If Dolphins Had Hands And Thumbs We’d All Be F***ed, Says New Study
A Treehouse of Horror episode in The Simspons explored the idea of what would happen if dolphins used their incredible intellect to take over mankind. Lisa releases a dolphin named Snorky from the confines of its enclosure at the Springfield Marine World, without realising he's king of all dolphins.
Despite the citizens of Springfield launching an attack on the 'clowns of the ocean', as Homer dubs them, mankind loses and is forced to live a life on the sea.
And in a bone-chilling development, it appears the only thing standing in the way of that actually happening is dolphins' lack of hands.
Credit: Fox/The Simpsons
According to a new study, dolphins and humans are on a par in virtually every aspect that's needed for 'planetary dominance'. Published in Nature, the study says: "Whales and dolphins (cetaceans) have the largest nervous systems of any taxonomic group, and rank highly on every putative measure of neuroanatomical complexity.
"Many cetaceans are also organised in hierarchical social structures and display an astonishing breadth of cultural and prosocial behaviours, providing a rare parallel to humans and other primates in terms of social, behavioural and neuroanatomical complexity."
Dolphins also give each other names, they look after children that aren't theirs and they learn from each other, as well as hunting with each other.
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University of Manchester evolutionary biologist Dr. Susanne Shultz co-authored the study, and says: "Unfortunately, they won't ever mimic our great metropolises and technologies because they didn't evolve opposable thumbs."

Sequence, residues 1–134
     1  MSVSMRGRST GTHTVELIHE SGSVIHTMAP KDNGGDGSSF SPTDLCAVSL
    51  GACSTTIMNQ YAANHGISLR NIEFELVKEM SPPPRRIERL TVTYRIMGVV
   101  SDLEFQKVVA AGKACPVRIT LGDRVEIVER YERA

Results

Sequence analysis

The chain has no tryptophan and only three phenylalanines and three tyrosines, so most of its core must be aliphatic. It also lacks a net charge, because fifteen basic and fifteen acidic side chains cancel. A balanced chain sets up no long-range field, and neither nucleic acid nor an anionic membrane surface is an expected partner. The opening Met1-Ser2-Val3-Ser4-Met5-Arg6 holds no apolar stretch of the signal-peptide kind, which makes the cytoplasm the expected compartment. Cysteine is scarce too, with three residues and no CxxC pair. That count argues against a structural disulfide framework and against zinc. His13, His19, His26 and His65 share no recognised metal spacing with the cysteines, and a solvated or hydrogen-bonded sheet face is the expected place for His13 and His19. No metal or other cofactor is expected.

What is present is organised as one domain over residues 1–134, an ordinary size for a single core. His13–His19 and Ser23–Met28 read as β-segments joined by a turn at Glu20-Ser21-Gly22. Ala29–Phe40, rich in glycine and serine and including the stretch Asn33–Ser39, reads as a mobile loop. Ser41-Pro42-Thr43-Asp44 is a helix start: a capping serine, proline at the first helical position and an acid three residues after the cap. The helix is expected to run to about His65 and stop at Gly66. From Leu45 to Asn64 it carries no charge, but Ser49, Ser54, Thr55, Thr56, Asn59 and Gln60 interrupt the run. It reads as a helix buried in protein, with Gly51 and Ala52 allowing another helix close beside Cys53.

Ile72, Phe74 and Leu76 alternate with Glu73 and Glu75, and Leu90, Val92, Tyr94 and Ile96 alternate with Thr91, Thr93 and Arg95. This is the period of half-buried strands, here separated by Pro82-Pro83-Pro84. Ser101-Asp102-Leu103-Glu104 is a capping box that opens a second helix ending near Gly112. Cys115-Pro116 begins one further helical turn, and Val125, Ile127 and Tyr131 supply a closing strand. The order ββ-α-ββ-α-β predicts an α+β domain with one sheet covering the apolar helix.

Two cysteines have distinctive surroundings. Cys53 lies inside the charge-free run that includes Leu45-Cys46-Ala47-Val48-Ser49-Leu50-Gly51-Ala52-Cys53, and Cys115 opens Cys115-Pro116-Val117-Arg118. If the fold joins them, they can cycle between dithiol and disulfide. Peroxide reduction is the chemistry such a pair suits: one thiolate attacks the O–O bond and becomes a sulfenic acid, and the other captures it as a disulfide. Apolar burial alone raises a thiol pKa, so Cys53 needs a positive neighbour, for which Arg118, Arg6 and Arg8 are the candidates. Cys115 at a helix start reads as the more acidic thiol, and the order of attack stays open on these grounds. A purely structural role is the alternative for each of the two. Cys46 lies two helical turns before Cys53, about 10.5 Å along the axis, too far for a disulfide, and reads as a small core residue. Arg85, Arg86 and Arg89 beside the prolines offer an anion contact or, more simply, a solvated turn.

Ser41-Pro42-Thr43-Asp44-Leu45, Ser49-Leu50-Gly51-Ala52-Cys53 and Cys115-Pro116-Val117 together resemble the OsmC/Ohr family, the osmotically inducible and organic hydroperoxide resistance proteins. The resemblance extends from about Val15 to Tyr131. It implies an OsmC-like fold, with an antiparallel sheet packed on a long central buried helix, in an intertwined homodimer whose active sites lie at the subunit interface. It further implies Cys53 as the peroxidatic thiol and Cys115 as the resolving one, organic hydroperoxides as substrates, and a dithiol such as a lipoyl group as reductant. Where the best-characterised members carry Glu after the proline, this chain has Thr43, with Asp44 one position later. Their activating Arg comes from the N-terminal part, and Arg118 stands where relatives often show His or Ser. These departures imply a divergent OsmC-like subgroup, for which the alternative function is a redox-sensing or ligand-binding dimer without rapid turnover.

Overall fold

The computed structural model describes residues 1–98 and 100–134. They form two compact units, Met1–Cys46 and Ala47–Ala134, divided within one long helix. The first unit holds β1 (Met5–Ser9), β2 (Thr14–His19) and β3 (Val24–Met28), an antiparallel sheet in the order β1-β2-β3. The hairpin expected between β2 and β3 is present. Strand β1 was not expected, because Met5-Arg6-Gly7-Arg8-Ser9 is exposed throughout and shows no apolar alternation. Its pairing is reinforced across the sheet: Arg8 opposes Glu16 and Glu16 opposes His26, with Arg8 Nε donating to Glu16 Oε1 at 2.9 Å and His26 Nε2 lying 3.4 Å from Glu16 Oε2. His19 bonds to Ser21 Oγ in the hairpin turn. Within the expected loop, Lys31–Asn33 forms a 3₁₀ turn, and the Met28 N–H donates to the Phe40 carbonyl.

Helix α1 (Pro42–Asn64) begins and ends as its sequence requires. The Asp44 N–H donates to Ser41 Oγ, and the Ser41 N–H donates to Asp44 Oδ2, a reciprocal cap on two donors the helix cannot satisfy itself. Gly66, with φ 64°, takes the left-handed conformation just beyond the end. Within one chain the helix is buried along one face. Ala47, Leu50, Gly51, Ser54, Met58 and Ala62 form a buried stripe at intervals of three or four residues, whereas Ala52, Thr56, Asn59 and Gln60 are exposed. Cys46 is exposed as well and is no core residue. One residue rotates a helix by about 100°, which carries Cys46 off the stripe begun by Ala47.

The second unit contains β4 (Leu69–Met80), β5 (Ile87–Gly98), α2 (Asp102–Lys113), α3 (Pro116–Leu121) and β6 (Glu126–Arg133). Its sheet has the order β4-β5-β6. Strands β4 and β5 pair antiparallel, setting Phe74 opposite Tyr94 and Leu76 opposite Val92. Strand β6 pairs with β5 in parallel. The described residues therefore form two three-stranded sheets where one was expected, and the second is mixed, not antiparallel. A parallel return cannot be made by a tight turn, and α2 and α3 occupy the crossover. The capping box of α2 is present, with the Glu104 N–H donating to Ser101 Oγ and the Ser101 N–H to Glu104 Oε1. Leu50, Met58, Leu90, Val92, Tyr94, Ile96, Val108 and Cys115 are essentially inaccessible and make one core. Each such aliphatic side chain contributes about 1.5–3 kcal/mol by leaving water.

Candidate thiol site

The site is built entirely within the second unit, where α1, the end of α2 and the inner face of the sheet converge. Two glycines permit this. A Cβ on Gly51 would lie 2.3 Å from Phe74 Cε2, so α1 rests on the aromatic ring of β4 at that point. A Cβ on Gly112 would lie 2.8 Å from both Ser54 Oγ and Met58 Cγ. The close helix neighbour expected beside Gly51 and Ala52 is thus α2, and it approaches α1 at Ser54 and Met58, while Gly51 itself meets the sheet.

Their intellect is so sophisticated that the US Navy has been using bottlenose dolphins for years to help find equipment lost at sea, keep swimmers out of restricted waters and even detect underwater mines.
Sea Watch Foundation Monitoring Officer Katrin Lohrengel has told LADbible: "Bottlenose dolphins are renowned for their intelligence which has been compared to that of great apes. They have been observed using tools in the wild, they have been shown to have a sense of self-awareness and are able to understand complex instructions, even understanding basic human syntax.
"As all dolphin species, they are equipped with what is essentially biological sonar, echolocation, which they use to hunt down prey and which the navy makes use of underwater detect mines."
Credit: US Navy/Photographer's Mate 1st Class Brien Aho
National Geographic says the species also has the longest memory in the animal kingdom. In the mid-90s, researchers tested the dolphin's sensitivity by burying three metal cylinders made of brass, stainless steel or aluminium two feet under mud in the ocean. A dolphin called BJ was able to distinguish between each cylinder - illustrating why they are so good at detecting mines.
Dolphins, along with sea lions, have guarded a US army ammunition pier during the Vietnam War, and were deployed from Bahrain during a late stage of the Iran-Iraq war to help protect against attacks on the US Navy Third Fleet. They helped provide security for the 1996 US Republican National Convention at the San Diego Convention Centre as well as clearing mines in the Persian Gulf just before the US-led invasion of Iraq.
The US Navy Marine Mammal was believed to have the Pentagon's financial backing until 2020. But in 2012, the Navy unveiled plans for the Knifefish, a torpedo-shaped underwater robot which would be ready for deployment in 2017. The BBC reported that they're also buying a German mine-hunting robot which basically makes the dolphins and sea lions obsolete - in military terms, at least.
So count your blessings we developed hands and thumbs and the dolphins didn't, because it would be a very different world if they had.
Featured Image Credit: Fox/The Simpsons